One evening we were talking, and Dirk started telling us about his summer "job". His family owned a turquoise mine. He ran the family mine, extracting specimens and gem-grade turquoise, digging and building the mine structures, sorting and packaging the produce of the mine, and finally selling the material he had extracted from the mine to gain his tuition money and living expenses for the coming year.
Like most of us in the study group, Dirk was older than the average run of students at college. Some of us were veterans, and had spent a few years in the military between high school and college. Some were parents whose college careers had been slowed or intermittently side-lined by the need to support a family.
One of us, though, was a precocious 17-year-old who remembered panicking when told that her decision to leave the group during a class field trip in order to visit a museum that wasn't on the agenda would go onto her "Permanent Record", and make it difficult for her to get a scholarship. She told Dirk that the geology exhibit at that museum had impressed her deeply, leading her to change her choice of study from anthropology to geology. This decision would ultimately bring her to CSM.
She had been particularly amazed by a huge chunk of turquoise, nearly 20 pounds in weight, displayed in a case there. With quiet pride, Dirk told us, "That specimen is from our mine. I didn't find it. My grandfather did, and it paid his whole way through CSM. It's what started our family's practice of having us work the mine to pay our way through college." He laughed, and added, "Even my sister's two years of art school."
Like the other members of the group, I was struck by the synchronicity of a specimen from the mine of one inspiring the college aspirations of another member, and also by the failure of the "Permanent Record" to prevent a scholarship from being awarded to the gem-struck student.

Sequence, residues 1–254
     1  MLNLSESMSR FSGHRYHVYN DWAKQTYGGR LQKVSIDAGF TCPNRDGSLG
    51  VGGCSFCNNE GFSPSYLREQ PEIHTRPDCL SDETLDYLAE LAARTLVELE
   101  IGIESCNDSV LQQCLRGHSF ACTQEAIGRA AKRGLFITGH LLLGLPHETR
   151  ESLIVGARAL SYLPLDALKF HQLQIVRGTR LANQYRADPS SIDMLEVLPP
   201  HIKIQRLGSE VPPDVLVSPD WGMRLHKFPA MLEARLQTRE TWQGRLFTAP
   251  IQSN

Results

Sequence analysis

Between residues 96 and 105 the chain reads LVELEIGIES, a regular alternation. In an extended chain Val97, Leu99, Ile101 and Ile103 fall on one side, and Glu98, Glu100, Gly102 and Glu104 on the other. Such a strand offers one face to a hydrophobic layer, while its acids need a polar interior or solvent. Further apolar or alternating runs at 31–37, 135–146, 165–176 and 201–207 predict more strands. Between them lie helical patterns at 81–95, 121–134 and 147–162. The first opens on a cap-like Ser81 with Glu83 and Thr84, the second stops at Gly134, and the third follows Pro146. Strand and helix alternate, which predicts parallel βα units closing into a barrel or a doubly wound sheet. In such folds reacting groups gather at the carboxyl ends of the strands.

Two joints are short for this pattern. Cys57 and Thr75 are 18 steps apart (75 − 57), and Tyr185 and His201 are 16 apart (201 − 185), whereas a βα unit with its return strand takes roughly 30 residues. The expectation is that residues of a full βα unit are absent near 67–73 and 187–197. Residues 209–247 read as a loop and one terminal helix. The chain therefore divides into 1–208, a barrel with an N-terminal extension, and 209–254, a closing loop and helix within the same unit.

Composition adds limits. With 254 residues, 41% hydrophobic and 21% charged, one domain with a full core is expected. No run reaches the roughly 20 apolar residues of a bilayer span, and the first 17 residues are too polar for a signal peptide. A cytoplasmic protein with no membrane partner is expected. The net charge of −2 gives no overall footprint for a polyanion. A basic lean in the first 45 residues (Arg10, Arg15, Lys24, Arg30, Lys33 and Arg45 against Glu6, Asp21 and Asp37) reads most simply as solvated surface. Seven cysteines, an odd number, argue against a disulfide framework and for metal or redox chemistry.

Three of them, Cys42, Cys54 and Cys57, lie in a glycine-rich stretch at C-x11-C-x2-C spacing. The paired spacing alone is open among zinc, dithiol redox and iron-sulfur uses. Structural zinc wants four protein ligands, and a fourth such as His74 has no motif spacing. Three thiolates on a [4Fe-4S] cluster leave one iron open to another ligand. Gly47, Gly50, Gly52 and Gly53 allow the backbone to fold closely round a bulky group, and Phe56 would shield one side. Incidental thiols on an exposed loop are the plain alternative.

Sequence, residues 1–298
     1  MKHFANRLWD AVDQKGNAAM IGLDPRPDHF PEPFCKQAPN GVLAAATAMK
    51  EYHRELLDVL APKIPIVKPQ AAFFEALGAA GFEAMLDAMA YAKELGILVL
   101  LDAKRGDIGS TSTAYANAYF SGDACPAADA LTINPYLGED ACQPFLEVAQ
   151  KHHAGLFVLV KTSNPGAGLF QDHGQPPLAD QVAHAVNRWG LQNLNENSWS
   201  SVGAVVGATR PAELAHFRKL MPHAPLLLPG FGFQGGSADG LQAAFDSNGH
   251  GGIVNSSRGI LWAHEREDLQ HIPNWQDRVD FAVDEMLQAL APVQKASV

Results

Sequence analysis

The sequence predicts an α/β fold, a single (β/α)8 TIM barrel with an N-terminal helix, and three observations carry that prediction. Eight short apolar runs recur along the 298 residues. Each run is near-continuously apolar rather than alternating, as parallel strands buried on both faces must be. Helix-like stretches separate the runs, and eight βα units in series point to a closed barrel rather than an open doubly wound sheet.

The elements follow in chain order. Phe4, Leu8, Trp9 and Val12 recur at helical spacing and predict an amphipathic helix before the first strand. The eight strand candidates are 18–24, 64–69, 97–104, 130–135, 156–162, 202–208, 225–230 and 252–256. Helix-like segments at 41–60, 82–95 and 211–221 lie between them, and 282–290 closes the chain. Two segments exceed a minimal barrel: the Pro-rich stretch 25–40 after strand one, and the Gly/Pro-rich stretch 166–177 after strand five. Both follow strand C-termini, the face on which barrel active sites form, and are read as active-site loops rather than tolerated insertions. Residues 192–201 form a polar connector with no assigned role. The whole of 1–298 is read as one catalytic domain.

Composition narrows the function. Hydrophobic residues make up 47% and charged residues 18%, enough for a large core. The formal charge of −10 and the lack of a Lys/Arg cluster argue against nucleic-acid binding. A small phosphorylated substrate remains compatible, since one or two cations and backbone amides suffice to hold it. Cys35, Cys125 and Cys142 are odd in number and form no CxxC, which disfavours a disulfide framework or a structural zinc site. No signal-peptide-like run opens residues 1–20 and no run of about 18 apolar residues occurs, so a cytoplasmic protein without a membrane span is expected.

This week's Carrot Ranch Flash Fiction Challenge set us the task of writing in a mood turquoise:
March 4, 2015 prompt: In 99 words (no more, no less) color your story turquoise. Color evokes emotion; turquoise blue evokes trust and strength. How can you play with that idea? How can color define a character or add to a plot? Saturate your story or add a drop. Follow the vein of turquoise to see where it leads your imagination.
Here is my twice-turquoise-inspired tale:
On Your Permanent RecordIn ninth grade, I encountered the terror-tactic of high-school principals, the Permanent Record. Bane of college-track students, it threatened to overturn plans for careers and prestigious schools by shackling us with the mistakes made as adolescents, so those choices would stain the rest of our adult lives.
Senior year, I colored my hair turquoise for Homecoming, only to find it wasn't washable dye. For weeks afterwards, my embarrassing hair was the same shade as my dad's Indian belt buckle.
But as the year went on, I realized the truth. Bad hair dye grows out. There is NO Permanent Record!